Rise: Day in the Life of a Postulant, Part I


5 AM - Rise


The morning bell broke the convent's silence with bold, inescapable tones.

Ding-ding, ding-ding, ding-ding, ding-ding…

I groaned and pressed my face into my pillow. The Sisters called this 60-second window the “heroic minute”. Would I choose to roll over and snooze? Or rise into action?

Snooze! Snooze!

I ignored my body’s sleepy protests and climbed out of bed. My elbow knocked over my tiny alarm clock and sent it tumbling under the desk.

Ding-ding, ding-ding, ding-ding…

I crouched down on my hands and knees, groped for the clock in the semi-darkness. All around me in the dormitory, other postulants and novices were rising from their beds and getting ready for the day.

Ding-ding! came the final bell over the loudspeakers. My fingers gripped the smooth plastic of my clock. I raised it up in victory, tucked it inside my desk drawer. Then I tugged my sheet and bedcovers in place, laid my crucifix over my pillow, and bowed my head in prayer.

This day is all Yours, Lord. Jesus, I trust in You!


5:30 AM - Meditation


I pinned on my black chapel veil just outside the front entrance. The chapel doors were propped open wide, allowing a steady stream of sisters to enter the sanctuary. I followed them, my fingers dripping with holy water as I made a careful Sign of the Cross.

Father, Son and Holy Spirit…

It was far too early to make out Saint Cecilia’s figure in the east-facing windows. Still, I gave her a tiny nod of respect as I walked past. The stained glass depicted Cecilia receiving a twin crown of roses: white for virginity, and red for martyrdom.

Ding-ding! In the cloistered courtyard outside, a novice rang the bells for prayer.

I quickened my steps, turned down the aisle and dropped into my stall.

The air filled with the soft rustle of fabric and the gentle dropping of kneelers as each Sister knelt down for the morning offering. Afterwards, we settled into our seats for meditation.

Meditation is a period of silent mental prayer. There are many different meditation methods, but the basic steps are to 1) place yourself in God's Presence; 2) reflect on a piece of Scripture or another spiritual text; 3) converse with the Lord about what you have read, and 4) make a resolution based on what you learned.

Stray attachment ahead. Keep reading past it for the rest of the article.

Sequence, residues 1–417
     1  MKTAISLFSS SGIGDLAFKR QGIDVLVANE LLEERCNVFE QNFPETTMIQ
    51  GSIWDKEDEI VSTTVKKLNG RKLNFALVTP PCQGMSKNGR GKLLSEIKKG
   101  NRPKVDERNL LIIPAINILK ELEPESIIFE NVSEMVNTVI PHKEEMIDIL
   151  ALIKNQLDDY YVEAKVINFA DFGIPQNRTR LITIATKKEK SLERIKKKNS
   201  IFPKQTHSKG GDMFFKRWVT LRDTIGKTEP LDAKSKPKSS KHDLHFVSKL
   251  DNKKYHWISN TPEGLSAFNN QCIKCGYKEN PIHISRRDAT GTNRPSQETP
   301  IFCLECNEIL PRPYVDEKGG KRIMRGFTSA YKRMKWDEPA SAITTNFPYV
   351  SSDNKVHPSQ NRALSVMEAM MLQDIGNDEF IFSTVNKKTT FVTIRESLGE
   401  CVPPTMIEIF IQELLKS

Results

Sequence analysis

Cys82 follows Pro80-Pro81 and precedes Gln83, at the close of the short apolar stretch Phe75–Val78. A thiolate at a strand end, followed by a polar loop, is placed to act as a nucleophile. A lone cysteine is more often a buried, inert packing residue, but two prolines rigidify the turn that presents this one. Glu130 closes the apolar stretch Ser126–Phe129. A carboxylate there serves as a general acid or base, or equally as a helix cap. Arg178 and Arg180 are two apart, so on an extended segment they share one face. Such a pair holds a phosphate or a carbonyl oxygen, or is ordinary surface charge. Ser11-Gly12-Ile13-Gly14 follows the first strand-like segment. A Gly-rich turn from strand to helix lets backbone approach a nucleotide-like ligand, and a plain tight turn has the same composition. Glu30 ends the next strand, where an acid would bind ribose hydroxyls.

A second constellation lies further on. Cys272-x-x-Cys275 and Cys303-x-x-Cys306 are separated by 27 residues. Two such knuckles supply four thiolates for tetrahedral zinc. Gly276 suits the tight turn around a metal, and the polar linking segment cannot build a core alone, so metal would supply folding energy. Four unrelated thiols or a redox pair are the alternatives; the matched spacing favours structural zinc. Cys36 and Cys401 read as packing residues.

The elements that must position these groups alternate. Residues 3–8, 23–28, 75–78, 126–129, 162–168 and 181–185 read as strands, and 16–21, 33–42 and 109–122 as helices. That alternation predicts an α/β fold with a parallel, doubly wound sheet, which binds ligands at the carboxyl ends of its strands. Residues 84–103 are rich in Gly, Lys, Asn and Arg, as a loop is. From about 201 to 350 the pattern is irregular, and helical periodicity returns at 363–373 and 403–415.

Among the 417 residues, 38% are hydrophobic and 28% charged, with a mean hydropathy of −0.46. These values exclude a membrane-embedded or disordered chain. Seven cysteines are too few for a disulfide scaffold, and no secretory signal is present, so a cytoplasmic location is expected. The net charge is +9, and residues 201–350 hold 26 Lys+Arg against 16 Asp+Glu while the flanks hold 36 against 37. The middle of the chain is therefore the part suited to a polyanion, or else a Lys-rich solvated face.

I pulled out my copy of Conversations with God, a book of meditations on each day's Mass readings. Today's reflection was on the Gospel reading where Jesus heals a leper.


And then a leper approached, did him homage, and said, “Lord, if you wish, you can make me clean.”

He stretched out his hand, touched him, and said, “I will do it. Be made clean.” His leprosy was cleansed immediately.*


I read the passage over again.

I probably need healing, too, I thought.

But Jesus didn't heal the leper, until the man asked for help. Until the leper gave him permission.

Then give me permission, the Lord suggested.

In my mind, I envisioned Jesus as a surgeon, holding a scalpel. It might hurt, to be healed. But it also might make things better.

I remembered something Sr. Anna had said, during postulant class. "The Lord doesn't always choose to heal us physically. But He always wants to heal us spiritually."

Lord, if you wish, you can make me clean, I prayed along with the leper. Praying for healing, of any kind. For my back, which bothered me even as I stirred restlessly in my chapel stall. For my mind, which dragged me down with negative, discouraging thoughts. For my spirit, and the wound I didn't understand but knew was always there: a sleeping beast boarded up in the closet of my soul.

Please Lord: I want to be healed. Make me clean.


6 AM - Lauds (Morning Prayer)


Ding-ding!

The Sisters knelt at the sound of the bell to say the Angelus, then rose for morning prayer.

We each turned in our stalls to face the sisters on the other side of the chapel. The sisters are Dominicans, the Order of Preachers, so when they pray the Hours, they preach to each other.

"O God, come to my assistance," I said with the left-hand side of the chapel.

"O Lord, make haste to help me," replied the right-hand side.

I bowed deeply with all the Sisters. "Glory to the Father and to the Son..."

The organist played the opening notes of our hymn, and we began:


My heart is ready, O God;

I will sing, sing your praise.

Awake, my soul;

awake, lyre and harp,

I will awake the dawn.**


I chanted with the Sisters, my heart light and happy. The beautiful verses and music uplifted my soul. The standing and sitting, kneeling and bowing. The complete “liturgical ballet”. What wasn’t to love?

Soon the morning sun made the chapel interior come alive with blazing colors. Rays of red and gold, white and blue, wafted down on my hands, and across my emerald Office book.

I remembered my prayer from morning meditation.

Please, Lord, I want to be healed. O Lord, make me clean!

#


Thank you so much for reading! Join me next week to discover more about the daily life of a postulant! 😊


Please click here to view the Sisters of Saint Cecilia’s full daily schedule.


Bonus Photo: Here is a picture of me and Lisa from her visit to Michigan last weekend. It was wonderful to spend time together in person. So grateful that the Lord brought us together, both inside and outside our convent experiences!



* See Matthew 8:1-4, Luke 5:12-16, Mark 1:40-45

** See Psalm 108

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